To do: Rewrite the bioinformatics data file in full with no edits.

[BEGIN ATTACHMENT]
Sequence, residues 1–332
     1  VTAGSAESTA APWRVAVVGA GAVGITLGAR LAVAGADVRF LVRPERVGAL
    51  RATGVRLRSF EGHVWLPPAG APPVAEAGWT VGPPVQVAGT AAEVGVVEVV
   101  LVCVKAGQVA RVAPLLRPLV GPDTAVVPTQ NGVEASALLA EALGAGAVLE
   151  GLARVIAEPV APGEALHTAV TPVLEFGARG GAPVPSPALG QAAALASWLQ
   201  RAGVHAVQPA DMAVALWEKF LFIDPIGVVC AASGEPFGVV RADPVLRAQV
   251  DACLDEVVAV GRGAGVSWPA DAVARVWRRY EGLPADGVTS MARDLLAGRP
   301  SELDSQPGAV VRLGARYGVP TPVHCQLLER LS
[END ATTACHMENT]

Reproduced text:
Sequence, residues 1–332
     1  VTAGSAESTA APWRVAVVGA GAVGITLGAR LAVAGADVRF LVRPERVGAL
    51  RATGVRLRSF EGHVWLPPAG APPVAEAGWT VGPPVQVAGT AAEVGVVEVV
   101  LVCVKAGQVA RVAPLLRPLV GPDTAVVPTQ NGVEASALLA EALGAGAVLE
   151  GLARVIAEPV APGEALHTAV TPVLEFGARG GAPVPSPALG QAAALASWLQ
   201  RAGVHAVQPA DMAVALWEKF LFIDPIGVVC AASGEPFGVV RADPVLRAQV
   251  DACLDEVVAV GRGAGVSWPA DAVARVWRRY EGLPADGVTS MARDLLAGRP
   301  SELDSQPGAV VRLGARYGVP TPVHCQLLER LS